News consumption and media bias

Bias in the market for news is a well-documented phenomenon. Starting from the assumption that consumers want unbiased information, traditional economic theory cannot explain the existence of media bias in free societies, as it suggests that competition forces the media to be impartial.

by Miklos Sarvary, Yi Xiang
Last Updated: 23 Jul 2013

Recent research in economics proposes an alternative theory which assumes that consumers want to read (or watch) news that is consistent with their tastes or prejudices, rather than to know the truth.

In this paper, authors Yi Xiang, PhD student, and Miklos Sarvary, associate professor of marketing at INSEAD, build on this idea but recognize the dual nature of news consumption. Specifically, in addition to 'biased' consumers, they also assume the presence of 'conscientious' consumers - those whose sole interest is in knowing the truth. Furthermore, consistent with reality, they assume that media bias is constrained by the truth.

These two factors were expected to limit media bias in a competitive setting but the results of their research reveal quite the opposite. Specifically, the authors find that media bias increases when there are more conscientious consumers. However, this does not necessarily hurt conscientious consumers who may be able to retrieve additional information from multiple media sources, the more these are biased.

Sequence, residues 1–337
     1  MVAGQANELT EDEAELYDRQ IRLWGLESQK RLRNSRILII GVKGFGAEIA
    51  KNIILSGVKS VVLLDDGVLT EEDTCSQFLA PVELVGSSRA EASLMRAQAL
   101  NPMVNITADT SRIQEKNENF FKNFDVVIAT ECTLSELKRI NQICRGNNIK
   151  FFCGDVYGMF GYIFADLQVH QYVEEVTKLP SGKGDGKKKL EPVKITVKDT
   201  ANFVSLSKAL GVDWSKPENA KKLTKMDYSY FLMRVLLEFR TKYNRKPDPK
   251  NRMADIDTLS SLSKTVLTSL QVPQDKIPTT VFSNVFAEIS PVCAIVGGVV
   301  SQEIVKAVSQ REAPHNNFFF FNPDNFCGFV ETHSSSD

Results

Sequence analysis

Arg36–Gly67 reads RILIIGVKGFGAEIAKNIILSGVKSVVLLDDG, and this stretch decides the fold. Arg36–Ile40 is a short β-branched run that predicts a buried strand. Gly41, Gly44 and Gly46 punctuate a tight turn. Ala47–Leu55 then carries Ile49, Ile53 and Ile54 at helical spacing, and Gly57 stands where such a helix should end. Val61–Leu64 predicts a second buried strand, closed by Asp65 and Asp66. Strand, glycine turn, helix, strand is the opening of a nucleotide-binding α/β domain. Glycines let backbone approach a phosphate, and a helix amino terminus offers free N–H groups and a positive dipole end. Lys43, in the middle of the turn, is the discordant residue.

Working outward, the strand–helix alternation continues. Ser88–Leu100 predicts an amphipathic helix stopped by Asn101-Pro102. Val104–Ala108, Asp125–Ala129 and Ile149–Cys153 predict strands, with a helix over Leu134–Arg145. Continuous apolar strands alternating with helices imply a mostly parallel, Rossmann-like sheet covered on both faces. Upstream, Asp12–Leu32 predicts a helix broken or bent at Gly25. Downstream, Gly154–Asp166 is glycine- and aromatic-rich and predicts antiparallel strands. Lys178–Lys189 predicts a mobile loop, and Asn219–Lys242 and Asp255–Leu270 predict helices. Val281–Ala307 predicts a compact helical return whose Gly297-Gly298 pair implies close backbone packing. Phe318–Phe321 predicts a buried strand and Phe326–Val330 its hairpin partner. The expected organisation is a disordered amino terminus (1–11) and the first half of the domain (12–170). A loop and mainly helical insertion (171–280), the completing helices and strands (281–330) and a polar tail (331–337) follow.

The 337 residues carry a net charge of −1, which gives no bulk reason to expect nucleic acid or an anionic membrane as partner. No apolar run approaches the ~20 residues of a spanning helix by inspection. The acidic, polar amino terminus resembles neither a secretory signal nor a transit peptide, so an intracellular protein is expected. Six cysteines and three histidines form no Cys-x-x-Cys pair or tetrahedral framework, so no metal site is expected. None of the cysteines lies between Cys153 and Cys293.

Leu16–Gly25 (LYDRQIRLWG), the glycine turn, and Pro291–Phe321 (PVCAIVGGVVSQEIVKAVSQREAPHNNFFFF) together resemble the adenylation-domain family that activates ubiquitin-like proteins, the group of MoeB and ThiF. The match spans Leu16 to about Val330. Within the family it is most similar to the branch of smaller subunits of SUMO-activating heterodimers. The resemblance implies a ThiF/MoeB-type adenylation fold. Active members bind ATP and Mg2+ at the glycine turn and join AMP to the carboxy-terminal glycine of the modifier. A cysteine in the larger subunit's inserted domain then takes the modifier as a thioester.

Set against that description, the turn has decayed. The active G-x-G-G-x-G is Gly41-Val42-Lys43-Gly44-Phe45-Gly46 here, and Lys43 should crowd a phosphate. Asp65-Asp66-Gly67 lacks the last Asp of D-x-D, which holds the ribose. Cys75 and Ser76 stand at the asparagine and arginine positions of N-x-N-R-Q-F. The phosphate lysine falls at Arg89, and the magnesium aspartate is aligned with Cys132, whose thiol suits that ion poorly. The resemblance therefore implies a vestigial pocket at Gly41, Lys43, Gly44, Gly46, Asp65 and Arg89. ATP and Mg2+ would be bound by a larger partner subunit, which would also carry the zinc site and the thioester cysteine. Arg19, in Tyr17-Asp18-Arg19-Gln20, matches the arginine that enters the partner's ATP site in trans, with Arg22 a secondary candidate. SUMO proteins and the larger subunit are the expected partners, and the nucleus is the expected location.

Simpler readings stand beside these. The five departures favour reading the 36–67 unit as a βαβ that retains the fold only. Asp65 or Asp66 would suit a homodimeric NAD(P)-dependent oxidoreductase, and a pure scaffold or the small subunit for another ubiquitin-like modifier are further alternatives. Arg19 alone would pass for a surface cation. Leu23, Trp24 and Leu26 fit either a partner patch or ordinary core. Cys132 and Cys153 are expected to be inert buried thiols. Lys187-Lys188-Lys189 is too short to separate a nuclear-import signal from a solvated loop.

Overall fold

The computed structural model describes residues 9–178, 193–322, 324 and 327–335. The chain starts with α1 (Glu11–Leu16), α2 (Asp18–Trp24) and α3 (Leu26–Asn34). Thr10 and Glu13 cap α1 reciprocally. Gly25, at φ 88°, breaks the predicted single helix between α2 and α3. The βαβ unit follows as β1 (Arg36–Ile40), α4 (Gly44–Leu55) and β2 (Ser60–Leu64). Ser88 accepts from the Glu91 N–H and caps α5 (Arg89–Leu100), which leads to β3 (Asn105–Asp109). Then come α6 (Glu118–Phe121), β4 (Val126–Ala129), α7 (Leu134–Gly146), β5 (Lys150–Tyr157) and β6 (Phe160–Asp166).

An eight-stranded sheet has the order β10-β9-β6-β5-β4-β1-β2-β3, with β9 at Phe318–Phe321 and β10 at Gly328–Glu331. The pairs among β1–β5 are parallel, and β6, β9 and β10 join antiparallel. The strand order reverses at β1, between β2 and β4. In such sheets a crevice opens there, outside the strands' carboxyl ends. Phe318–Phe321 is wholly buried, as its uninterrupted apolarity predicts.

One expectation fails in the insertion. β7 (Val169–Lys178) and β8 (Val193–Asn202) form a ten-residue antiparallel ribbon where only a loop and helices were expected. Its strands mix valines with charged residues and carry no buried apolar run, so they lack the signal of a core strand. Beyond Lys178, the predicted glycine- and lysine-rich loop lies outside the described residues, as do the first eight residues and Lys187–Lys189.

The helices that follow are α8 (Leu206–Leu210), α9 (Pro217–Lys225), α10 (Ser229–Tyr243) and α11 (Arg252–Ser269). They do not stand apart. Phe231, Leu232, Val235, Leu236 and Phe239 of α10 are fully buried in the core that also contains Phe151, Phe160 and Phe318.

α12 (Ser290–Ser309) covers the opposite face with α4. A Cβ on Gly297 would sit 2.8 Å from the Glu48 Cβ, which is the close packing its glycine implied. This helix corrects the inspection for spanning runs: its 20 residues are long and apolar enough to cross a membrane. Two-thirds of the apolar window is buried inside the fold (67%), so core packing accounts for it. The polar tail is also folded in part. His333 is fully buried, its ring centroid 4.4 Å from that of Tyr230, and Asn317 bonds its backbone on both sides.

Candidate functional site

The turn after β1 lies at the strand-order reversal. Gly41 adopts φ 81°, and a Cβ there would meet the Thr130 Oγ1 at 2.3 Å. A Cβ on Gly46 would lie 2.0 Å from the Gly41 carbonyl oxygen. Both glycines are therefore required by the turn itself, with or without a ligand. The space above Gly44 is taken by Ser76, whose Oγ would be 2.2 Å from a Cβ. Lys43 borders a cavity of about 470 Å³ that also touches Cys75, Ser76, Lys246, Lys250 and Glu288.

The existence of media bias is a challenge for marketing professionals because most advertising is channelled through the media, representing billions of dollars of business in the US alone. In this context, the existence of media bias raises several important questions: What kind of consumer behaviour drives media bias? How can bias persist in a competitive media environment in a free society? What are the social costs of biased media?

These are the general questions addressed in the paper. The authors also focus on two specific issues: What happens to media bias in a competitive setting if slanting is costly and constrained by the truth? And how will the relative proportion of consumers who assimilate news as a form of entertainment influence the extent of bias in the news market and affect media prices? 

News consumption and media bias
Yi Xiang, PhD student, and Miklos Sarvary
INSEAD 2006

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